Ureteral Dissection


Precise localization of the ureters is recommended before all operative interventions. Ureteral dissection and displacement from harm is recommended whenever the possibility of ureteral injury exists. Placement of ureteral catheters preoperatively is recommended in patients with extensive pelvic disease that distorts the pelvic anatomy.



1. When operating near the ureter, it is safer and faster to dissect and expose the ureter to clear view than to stop repeatedly and check its position or perform the dissection under emergency circumstances.

2. Ureteral dissection is recommended in the following instances:

a. Obliteration of rectovaginal pouch by deep fibrotic endometriosis b. Medial displacement of ureter near uterosacral ligaments

c. Excision of deep fibrotic endometriosis from vaginal cuff and uterosacral ligaments, status posthysterectomy

d. Deep endometriosis adherent to or partially obstructing the ureter

e. Left-frozen-pelvis from endometriosis

f. Ovary, oviduct, or sigmoid colon adherent to ureter

g. Extensive chronic salpingo-oophoritis

h. Laparoscopically assisted vaginal hysterectomy (LAVH) for endometriosis

i. Extraperitoneal lymphadenectomy for malignancy

j. To isolate and ligate retracted bleeding uterine artery

k. Salpingo-oophorectomy




1. Anatomic divisions of the ureter

a. The iliopectineal line divides the ureter into abdominal and pelvic portions. The pelvic ureter is divided into the following three parts:

(1) The pars posterior, which runs from the sacroiliac joint along the lateral pelvic wall to the entrance of the preformed tunnel in the cardinal ligament

(2) The pars intermedia, which runs within the broad ligament to the vesicouterine ligament

(3) The pars anterior, which runs from the entrance into the vesicouterine ligament to the ureteral orifice of the bladder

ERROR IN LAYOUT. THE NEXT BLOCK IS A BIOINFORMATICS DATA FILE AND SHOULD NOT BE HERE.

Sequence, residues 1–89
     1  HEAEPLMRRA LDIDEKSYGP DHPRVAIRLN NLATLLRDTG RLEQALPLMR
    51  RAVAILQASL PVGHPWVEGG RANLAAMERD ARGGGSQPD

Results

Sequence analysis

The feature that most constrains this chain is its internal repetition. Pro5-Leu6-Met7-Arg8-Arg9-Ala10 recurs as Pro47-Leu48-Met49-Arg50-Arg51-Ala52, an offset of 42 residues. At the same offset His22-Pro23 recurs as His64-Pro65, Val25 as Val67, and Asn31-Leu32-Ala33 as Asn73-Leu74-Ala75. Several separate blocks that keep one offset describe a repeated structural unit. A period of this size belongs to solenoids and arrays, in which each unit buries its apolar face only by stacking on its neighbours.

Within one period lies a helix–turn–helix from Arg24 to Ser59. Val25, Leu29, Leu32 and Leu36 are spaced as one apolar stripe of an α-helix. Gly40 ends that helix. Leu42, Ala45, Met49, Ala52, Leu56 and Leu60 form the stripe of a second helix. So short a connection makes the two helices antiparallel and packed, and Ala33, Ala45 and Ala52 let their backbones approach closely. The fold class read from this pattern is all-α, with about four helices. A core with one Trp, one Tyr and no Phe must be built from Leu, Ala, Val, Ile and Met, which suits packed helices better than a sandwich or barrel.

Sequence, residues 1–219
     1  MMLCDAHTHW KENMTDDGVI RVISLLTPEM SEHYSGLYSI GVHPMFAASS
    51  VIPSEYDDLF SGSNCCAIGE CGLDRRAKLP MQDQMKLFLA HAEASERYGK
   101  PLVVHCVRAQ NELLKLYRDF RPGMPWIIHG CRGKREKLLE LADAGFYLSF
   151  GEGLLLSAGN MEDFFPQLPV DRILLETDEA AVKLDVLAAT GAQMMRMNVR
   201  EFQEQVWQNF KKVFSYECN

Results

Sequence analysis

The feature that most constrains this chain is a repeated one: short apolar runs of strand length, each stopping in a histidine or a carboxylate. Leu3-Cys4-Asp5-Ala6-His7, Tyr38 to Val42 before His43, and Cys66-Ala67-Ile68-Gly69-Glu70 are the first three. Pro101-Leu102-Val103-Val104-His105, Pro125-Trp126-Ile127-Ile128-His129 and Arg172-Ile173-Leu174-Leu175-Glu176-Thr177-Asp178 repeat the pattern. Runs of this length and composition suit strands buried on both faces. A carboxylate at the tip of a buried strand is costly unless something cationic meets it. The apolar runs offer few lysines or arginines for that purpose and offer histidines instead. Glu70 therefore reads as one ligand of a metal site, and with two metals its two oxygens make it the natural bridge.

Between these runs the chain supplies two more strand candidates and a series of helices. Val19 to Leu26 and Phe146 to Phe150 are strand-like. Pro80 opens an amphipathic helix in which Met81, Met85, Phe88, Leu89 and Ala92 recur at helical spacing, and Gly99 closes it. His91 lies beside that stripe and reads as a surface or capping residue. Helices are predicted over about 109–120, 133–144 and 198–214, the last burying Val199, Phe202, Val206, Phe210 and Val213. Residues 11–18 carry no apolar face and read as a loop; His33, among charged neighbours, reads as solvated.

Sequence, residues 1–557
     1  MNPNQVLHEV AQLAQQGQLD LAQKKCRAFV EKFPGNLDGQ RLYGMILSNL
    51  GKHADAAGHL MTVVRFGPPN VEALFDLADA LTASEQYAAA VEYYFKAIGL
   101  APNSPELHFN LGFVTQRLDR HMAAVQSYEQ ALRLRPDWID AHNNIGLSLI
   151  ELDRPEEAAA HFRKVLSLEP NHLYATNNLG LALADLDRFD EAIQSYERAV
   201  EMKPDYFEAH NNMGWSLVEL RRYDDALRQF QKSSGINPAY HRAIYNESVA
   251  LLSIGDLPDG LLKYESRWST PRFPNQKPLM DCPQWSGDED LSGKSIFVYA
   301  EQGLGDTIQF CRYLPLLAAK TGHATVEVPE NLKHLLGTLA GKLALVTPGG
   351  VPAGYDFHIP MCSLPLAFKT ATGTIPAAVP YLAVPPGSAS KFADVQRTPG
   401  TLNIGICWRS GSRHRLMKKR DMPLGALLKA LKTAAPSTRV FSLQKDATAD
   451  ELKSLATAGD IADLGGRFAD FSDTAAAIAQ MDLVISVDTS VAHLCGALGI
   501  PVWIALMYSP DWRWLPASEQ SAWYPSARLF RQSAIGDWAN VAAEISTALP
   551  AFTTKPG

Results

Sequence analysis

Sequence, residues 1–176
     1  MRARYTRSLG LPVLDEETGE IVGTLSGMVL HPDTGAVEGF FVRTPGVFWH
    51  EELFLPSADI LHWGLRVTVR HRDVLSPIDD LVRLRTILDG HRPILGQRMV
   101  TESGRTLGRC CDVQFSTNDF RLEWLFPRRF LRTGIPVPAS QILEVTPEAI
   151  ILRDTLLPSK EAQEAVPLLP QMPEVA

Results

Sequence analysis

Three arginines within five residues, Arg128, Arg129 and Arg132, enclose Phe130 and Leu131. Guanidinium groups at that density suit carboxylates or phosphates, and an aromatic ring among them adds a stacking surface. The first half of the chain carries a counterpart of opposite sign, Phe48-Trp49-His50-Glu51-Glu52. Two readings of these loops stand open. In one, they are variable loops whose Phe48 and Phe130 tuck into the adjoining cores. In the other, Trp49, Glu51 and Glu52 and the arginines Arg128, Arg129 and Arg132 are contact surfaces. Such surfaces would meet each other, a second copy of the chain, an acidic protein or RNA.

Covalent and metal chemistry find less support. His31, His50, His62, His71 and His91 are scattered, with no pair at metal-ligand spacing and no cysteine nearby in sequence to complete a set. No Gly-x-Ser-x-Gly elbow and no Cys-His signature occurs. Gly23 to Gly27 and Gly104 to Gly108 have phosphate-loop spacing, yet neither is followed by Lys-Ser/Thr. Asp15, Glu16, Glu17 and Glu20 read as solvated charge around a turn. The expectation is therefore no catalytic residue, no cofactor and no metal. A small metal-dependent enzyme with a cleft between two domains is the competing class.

b. The left ureter may be identified above the iliopectineal line at the apex of the intersigmoid fossa by displacing the left adnexa anterolaterally and the sigmoid colon medially and cephalad. In difficult cases, the ureter may be located near the pelvic brim, lateral to the pulsations of the hypogastric artery. Normal peristalsis should be observed. When the ureter lies close to the infundibulopelvic ligament, the infundibulopelvic ligament must be displaced laterally. This maneuver compresses the peritoneum over the ureter and facilitates identification, c. The right ureter crosses the iliac vessels at the bifurcation of the common iliac artery and is easier to locate than the left ureter. Near the pelvic brim, it lies lateral to the pulsations of the hypogastric artery.

2. Congenital anomalies: medial displacement of one or both ureters occurs in the following ways.

a. As an isolated congenital anomaly

b. In association with peritoneal pockets in the posterior pelvis

c. As the medial border of a large broad ligament recess

3. The sigmoid colon traps menstrual detritis against the left ureter, increasing the risk of endometriosis. It may also envelop the left tube and ovary in dense obliterative adhesions in response to repeated ruptures of an ovarian endometrioma.


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